What I didn’t like

This is a terrible situation. No one wants to think about that kid who decides to go into school and kill a whole bunch of other kids. It’s happened and it’s happened more times than any of us want to admit. What we don’t think about is how it affects the families of those children. How does the mother of the murderer live her life? What happens to her? How do people treat her? People blame her. There are always going to be the people who say, “You should have raised your kids better and this wouldn’t have happened.” We can’t say that because we don’t know for sure. Sometimes darling little Suzy turns out to be whacko. Nobody could have predicted it. There’s nothing anybody can do about it now. We just know that we don’t want to hang around Suzy now that she’s grown up because we’re afraid she’s going to cut us. Maybe she was raised by the most attentive mother ever, but that doesn’t mean Suzy can’t grow up and make her own choices or have a mental disorder.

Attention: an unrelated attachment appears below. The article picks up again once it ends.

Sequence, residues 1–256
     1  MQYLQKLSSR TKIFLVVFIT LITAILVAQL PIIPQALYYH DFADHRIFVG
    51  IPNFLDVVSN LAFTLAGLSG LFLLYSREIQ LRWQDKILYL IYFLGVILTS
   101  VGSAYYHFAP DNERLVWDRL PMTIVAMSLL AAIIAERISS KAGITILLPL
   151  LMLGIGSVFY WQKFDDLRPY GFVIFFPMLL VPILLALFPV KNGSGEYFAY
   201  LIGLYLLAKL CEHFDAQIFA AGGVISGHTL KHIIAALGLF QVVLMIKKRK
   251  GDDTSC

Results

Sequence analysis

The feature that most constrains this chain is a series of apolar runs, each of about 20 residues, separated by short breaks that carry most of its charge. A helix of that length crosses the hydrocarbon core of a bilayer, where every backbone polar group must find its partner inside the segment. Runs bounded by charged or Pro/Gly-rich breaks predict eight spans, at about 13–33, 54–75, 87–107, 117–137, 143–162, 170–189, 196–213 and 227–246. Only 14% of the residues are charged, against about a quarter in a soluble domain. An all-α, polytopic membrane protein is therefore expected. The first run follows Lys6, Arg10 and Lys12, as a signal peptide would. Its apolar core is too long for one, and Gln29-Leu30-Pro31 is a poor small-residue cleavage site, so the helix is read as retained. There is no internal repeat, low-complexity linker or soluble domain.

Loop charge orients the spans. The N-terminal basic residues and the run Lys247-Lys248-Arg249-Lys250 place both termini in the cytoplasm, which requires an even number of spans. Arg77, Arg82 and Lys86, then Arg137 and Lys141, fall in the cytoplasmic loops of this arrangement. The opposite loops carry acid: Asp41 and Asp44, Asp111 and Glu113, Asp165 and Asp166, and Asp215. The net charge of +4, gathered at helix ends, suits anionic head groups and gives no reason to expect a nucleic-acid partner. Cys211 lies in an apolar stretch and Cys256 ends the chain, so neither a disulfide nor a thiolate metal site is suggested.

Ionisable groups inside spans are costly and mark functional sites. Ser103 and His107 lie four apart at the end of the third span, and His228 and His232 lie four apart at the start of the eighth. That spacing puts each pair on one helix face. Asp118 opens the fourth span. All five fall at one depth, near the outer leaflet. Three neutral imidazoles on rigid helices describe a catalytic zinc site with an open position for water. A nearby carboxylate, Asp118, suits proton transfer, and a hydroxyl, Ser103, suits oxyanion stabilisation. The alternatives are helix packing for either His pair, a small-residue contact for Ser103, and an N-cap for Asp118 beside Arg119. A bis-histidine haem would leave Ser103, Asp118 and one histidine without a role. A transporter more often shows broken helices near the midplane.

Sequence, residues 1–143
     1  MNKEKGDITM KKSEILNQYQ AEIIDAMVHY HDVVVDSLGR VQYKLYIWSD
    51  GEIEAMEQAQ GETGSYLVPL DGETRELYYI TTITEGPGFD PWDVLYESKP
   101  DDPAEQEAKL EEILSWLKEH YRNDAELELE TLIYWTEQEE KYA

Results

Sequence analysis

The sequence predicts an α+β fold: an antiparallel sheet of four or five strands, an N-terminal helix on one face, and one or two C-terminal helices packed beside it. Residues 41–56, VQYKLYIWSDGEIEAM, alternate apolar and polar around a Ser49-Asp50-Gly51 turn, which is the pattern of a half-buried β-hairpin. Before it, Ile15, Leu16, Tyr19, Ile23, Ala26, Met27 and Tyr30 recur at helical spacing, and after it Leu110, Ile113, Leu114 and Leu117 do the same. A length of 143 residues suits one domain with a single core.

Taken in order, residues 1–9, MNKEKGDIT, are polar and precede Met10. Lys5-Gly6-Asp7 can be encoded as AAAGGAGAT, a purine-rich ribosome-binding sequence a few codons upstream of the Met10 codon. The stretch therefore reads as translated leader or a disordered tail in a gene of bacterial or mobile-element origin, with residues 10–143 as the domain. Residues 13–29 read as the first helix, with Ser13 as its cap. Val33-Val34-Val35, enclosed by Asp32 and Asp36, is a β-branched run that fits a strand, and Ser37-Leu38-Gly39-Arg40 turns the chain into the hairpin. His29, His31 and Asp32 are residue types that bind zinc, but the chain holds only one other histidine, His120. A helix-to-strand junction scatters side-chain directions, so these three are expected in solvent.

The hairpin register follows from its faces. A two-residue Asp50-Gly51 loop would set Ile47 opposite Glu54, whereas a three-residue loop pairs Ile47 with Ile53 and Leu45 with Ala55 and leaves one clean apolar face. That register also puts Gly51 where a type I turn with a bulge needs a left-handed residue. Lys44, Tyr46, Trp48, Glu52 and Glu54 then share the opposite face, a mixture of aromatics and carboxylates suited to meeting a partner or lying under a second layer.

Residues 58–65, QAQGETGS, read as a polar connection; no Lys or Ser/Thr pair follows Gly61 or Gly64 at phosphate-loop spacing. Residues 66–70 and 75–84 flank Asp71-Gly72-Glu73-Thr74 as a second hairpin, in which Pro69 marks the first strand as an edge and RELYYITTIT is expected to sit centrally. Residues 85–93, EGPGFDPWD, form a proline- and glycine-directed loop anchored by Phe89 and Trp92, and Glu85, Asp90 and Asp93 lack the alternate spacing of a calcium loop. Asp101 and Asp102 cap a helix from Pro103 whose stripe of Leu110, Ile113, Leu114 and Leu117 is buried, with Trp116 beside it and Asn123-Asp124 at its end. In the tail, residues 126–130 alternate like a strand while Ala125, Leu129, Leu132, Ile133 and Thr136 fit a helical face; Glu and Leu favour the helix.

Unless you know that some kid’s parents tortured them and abused them you can’t point fingers at a parent in this kind of situation. People took this out on Eva when they shouldn’t have. She had no control over Kevin, even when he was a small child. Kevin chose what he wanted to do and how he wanted to behave. Something was wrong from Kevin from the beginning and it wasn’t simply a matter of a mother not loving her child enough.

Parental Advice

Look, this isn’t a movie your kids need to see, ever. I won’t go into details; just abide by the blanket statement that this movie isn’t for kids, period. Heck, this movie isn’t even for most of us adults.


I watched it once; I don’t need to see it again.


Literature related videos and movie previews, Movies based off of books


Leave a Reply

Fill in your details below or click an icon to log in: Logo

You are commenting using your account. Log Out /  Change )

Google+ photo

You are commenting using your Google+ account. Log Out /  Change )

Twitter picture

You are commenting using your Twitter account. Log Out /  Change )

Facebook photo

You are commenting using your Facebook account. Log Out /  Change )


Connecting to %s